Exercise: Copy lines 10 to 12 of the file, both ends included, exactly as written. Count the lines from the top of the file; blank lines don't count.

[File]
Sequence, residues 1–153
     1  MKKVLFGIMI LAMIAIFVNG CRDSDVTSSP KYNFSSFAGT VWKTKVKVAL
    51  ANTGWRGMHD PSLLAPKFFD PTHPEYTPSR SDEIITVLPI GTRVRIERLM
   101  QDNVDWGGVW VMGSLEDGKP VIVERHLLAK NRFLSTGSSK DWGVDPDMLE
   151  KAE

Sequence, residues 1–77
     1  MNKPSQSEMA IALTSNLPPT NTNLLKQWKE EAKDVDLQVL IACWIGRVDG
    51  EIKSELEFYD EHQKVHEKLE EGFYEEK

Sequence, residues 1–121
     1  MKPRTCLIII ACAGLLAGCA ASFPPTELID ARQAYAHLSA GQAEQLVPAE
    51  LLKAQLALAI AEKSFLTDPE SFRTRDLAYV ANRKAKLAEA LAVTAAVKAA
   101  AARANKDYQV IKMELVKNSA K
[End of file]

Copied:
     1  MKPRTCLIII ACAGLLAGCA ASFPPTELID ARQAYAHLSA GQAEQLVPAE
    51  LLKAQLALAI AEKSFLTDPE SFRTRDLAYV ANRKAKLAEA LAVTAAVKAA
   101  AARANKDYQV IKMELVKNSA K